Recommendations from Gregor Staiger

A good lunch can be as hard to find as a great artwork. The gallery owner Gregor Staiger knows where to go. He recommends the best socialist breakfast, a very old restaurant, the paradessence of Swiss food and a few places to explore the very famous Badi (bathing) culture. Plus: he is also hosting a bar with the gallery's neighbours during the opening of Manifesta.


The thing about breakfast being the most important meal of the day is a total lie, but you need to start the day somehow. If you want to make it count, you will want to have your first coffee next to multi-tiered wedding cakes at Caredda, a fifth generation Italian confectioner that expanded some time ago and also runs a café. You can buy your filled cornetti at the confectioner’s and get your coffee at the bar next door. But since you are having breakfast at a confectioner’s, why not have sfogliatelle for breakfast? These cream puffs are a work of art:


If you prefer your breakfast more ideological you may enjoy Le Mur. It’s a tiny socialist (or linksalternativ, as we would call it here) café that holds about four people and is the perfect place to think about the gentrification of the area while leafing through a volume by Althusser - or a newspaper, if you are a lightweight.



At the latest around lunchtime you will remember that Zurich is not an inexpensive place. If you enjoyed your socialist breakfast but think you need a course correction and don’t mind taking out a mortgage, old-school Casa Ferlin’s bowtied waiters serve Italian fare mostly to men in suits. The restaurant is over 100 years old and a bit stuck in the 80s, which also means that you should order a bottle of wine with lunch and be sleepy late into the afternoon.


Phuket Asia Center could hardly be more different. It is perfect for eating Thai food in plastic chairs on the sidewalk and there are no men in suits anywhere to be seen. It’s also a good option for dinner, especially if you like the occasional reminder that you are in the red-light district. This is what it looks like when it’s closed:


If you want to look at art then you find yourself in the neighborhood around the Löwenbräu with little time for lunch. The terribly named Tokyo Tapas has nothing to do with Spain, but has good sushi and udon soup. It’s in the Markthalle, which has very limited seating available, but if the weather plays along there are benches outside.



What about if the weather is nice and you're waiting for the 6pm openings? Well, there’s a lake where you could explore Badi-culture (Badi - short for Badeanstalt, i.e., public baths) and some good options are Seebad Enge or Utoquai. Or, Carmen says, you could go to the old botanical garden.



Once you’ve made it through the day, go to Kokoro for Japanese, La Baracca for Italian (I recommended you sit on the terrace – inside you may blow out your eardrums) or, Carmen says, Mesob – which is an Ethiopian place where you eat with your fingers. Having spent a day in Zurich, you may also be yearning for some Swiss food, which is often actually less pretentious or ambitious versions of French food, depending on the place, and not always all about molten cheese. The restaurant Eichhörnli is one of my favorites. It’s simple, the service is nice, the food is nice, the owner is nice, and there are murals of squirrels. After this, you step outside, turn to the left, and you’ll have about fifty bars to choose from within a quarter-mile.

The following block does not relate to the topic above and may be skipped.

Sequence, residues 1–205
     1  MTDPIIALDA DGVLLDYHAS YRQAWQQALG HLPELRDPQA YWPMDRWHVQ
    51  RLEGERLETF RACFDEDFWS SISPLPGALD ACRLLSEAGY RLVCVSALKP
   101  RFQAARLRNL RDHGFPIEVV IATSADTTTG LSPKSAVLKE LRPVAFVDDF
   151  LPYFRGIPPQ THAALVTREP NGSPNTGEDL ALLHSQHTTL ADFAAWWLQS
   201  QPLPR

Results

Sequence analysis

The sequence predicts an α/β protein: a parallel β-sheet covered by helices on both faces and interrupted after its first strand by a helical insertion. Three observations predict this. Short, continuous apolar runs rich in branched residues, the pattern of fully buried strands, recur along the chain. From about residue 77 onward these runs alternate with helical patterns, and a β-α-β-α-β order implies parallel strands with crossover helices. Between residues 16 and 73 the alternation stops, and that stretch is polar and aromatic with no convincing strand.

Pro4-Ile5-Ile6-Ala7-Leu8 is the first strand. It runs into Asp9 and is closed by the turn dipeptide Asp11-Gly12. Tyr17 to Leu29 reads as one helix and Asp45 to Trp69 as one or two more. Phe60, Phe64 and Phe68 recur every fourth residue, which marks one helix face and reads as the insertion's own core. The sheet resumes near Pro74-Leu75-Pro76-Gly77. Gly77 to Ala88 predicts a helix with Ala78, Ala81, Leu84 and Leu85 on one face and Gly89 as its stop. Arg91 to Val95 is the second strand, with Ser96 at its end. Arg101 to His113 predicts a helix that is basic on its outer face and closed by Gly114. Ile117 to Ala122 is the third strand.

Nightlife? If there is a main destination it’s probably Longstreet Bar – it will depend which night of the week it is and it’s entirely possible that you will spend more time standing on the plaza outside, which is good people watching any time of day. Generally standing in front of bars is popular – as is going to a random bar that caters the least to anything or anyone fashionable – Chicago Bar is always a good option.

During the gallery and Manifesta openings in Zurich, we are also hosting a bar at Limmatstrasse 268 together with our neighbours – Galerie Francesca Pia, the Parkett exhibition space, and the publisher Patrick Frey. The bar is run by the restaurant Zum Goldenen Fass (hey, that’s another good one) from 9 to 11 June opening each day at 5pm.


Galerie Gregor Staiger was founded in 2010 with a focus on emerging and mid-career artists and regular programming exploring performative and feminist art as well as discourse in figurative painting. The gallery just opened a new exhibition with John Finneran, Adele Röder, Lucy Stein and Jessica Warboys in time for the Zurich Art Weekend and will present Swiss artist Vittorio Brodmann and Florian Germann at Liste Art Fair in Basel next week.

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